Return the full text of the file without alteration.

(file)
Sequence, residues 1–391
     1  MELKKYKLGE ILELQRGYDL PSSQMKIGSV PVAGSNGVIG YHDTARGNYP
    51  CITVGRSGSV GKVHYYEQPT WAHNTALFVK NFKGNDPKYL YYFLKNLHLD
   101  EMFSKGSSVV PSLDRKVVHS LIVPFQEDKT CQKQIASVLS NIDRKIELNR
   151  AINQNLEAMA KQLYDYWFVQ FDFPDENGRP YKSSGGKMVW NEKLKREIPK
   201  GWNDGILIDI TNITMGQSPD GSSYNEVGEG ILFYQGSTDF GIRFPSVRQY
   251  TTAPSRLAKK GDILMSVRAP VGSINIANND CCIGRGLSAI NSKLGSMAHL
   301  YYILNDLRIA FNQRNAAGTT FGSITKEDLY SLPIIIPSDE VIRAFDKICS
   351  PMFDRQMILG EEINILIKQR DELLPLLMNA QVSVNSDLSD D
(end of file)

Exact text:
Sequence, residues 1–391
     1  MELKKYKLGE ILELQRGYDL PSSQMKIGSV PVAGSNGVIG YHDTARGNYP
    51  CITVGRSGSV GKVHYYEQPT WAHNTALFVK NFKGNDPKYL YYFLKNLHLD
   101  EMFSKGSSVV PSLDRKVVHS LIVPFQEDKT CQKQIASVLS NIDRKIELNR
   151  AINQNLEAMA KQLYDYWFVQ FDFPDENGRP YKSSGGKMVW NEKLKREIPK
   201  GWNDGILIDI TNITMGQSPD GSSYNEVGEG ILFYQGSTDF GIRFPSVRQY
   251  TTAPSRLAKK GDILMSVRAP VGSINIANND CCIGRGLSAI NSKLGSMAHL
   301  YYILNDLRIA FNQRNAAGTT FGSITKEDLY SLPIIIPSDE VIRAFDKICS
   351  PMFDRQMILG EEINILIKQR DELLPLLMNA QVSVNSDLSD D